Yesterday the dorset coastline experienced a strange phenomena, Advection fog.Advection fog is formed by the slow passage of relatively warm, moist, stable air over a colder wet surface. It is common at sea whenever cold and warm ocean currents are in close proximity and may affect adjacent coasts.
The photos I took yesterday so above and below the fog. It was hot above and cold below.
I live in a beautiful part of England, in the county of Dorset. Corsets coastline is part of the UNESCO world heritage Jurassic Coast.
Last evening I went for a wander to the Fleet lagoon.The Fleet lagoon lies between Chesil Beach, a large shingle barrier, and the impounded mainland Dorset shore, just west of Weymouth and the Isle of Portland. It is a natural lagoonal inlet with features of a percolation lagoon. It is largely natural, with a predominantly rural catchment and adjacent shoreline, partly because the lagoon bed and the majority of the shore has been owned and managed privately by the Ilchester Estate for over 400 years.
As you can see from my photos I was treated to a spectacular sunset.
Last evening I was on the Chesil Beach, which is located on the South coast of England in the county of Dorset. It is a pebble beach 18 miles long and stretches north-west from Portland to West Bay. For much of its length it is separated from the mainland by an area of saline water called the Fleet Lagoon.
As you can see it was a beautiful evening, the sun was shining but also in the sky were 2 vertical rainbows however we hadn’t had any rain.
what are sun dogs?
Sun dogs (or sundogs), mock suns or phantom suns, scientific name parhelia (singular parhelion), are an atmospheric phenomenon that consists of a pair of bright spots on either horizontal side on the Sun, often co-occurring with a luminous ring known as a 22° halo.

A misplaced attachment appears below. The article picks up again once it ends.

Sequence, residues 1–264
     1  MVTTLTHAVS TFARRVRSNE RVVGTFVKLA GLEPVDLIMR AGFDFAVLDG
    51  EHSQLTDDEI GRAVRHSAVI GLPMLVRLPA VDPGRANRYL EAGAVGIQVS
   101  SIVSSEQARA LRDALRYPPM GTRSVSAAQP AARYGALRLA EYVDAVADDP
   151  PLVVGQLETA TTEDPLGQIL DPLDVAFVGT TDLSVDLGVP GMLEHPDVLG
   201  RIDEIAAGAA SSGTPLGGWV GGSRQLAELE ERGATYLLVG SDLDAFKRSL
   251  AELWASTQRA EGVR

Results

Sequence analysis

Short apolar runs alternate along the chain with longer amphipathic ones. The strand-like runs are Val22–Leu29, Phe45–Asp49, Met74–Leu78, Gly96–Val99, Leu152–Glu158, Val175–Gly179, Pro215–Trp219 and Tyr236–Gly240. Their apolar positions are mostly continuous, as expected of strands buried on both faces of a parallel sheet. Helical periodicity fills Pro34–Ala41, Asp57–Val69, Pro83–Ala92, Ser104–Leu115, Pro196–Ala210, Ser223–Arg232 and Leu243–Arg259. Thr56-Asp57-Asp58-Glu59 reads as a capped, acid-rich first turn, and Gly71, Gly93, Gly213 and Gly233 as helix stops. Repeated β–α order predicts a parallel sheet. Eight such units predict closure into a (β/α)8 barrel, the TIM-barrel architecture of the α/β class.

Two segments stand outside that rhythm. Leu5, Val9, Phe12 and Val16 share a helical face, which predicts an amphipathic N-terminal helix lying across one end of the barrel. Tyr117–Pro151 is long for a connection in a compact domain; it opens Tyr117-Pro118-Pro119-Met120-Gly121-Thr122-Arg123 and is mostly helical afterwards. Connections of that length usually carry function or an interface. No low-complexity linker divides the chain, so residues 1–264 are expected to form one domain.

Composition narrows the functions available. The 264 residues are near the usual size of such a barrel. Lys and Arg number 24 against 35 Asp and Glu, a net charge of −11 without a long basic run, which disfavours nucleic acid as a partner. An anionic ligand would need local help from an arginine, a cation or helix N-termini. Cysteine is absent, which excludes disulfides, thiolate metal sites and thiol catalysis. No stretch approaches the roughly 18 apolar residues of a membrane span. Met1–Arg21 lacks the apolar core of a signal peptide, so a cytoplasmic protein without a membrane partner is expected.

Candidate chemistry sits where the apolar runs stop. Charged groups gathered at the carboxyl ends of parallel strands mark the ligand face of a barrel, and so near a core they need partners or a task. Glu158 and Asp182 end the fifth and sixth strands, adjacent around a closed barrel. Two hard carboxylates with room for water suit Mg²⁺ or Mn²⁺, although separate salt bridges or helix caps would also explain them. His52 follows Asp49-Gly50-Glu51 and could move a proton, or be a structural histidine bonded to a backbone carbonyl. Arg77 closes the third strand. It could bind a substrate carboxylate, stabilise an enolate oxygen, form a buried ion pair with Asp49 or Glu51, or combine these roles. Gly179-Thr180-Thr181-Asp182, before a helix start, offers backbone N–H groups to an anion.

Sun dogs are a member of a large family of halos, created by light interacting with ice crystals in the atmosphere. Sun dogs typically appear as two subtly colored patches of light to the left and right of the Sun, approximately 22° distant and at the same elevation above the horizon as the Sun. They can be seen anywhere in the world during any season, but they are not always obvious or bright. Sun dogs are best seen and are most conspicuous when the Sun is close to the horizon.
I exhibited my photos for the first time last week , here is a selection of those on exhibit.
All photograph are taken in Dorset, England
Where am I?
Sat on the beach
What can I see?
a vast expanse of sea that is Lyme Bay
a beach called Chesil stretches out before me.
a sun shimmering golden road cuts a swathe across the sea.
waves rise and then fall before breaking up on the shore
wispy clouds decorate the sky
a golden orb is a jewel of gold
What can I hear?
waves breaking upon the shore,
the sound of shingle under foot,
the cry of seagulls.
What can I feel?
the gentle warmth of the late evening sunshine upon my face.
How do I feel?
I sit in awe and wonderment at the magnificence I see before me,
the light grows dim,
the golden road loses its shimmer and is gone
the sun disappears over the horizon,
the day is over and the night begins.
Hallelujah! You who serve God, praise God!
Just to speak his name is praise!
Just to remember God is a blessing— now and tomorrow and always.
From east to west, from dawn to dusk, keep lifting all your praises to God!
Ps 113;3 MSG
This photo shows a beautiful golden summer sunset shining on the Chesil beach, which forms part of the Unesco World Heritage Coast.
I particularly like the way the sun flare accentuates the silhouette of the fisherman and catches the crest of the breaking waves.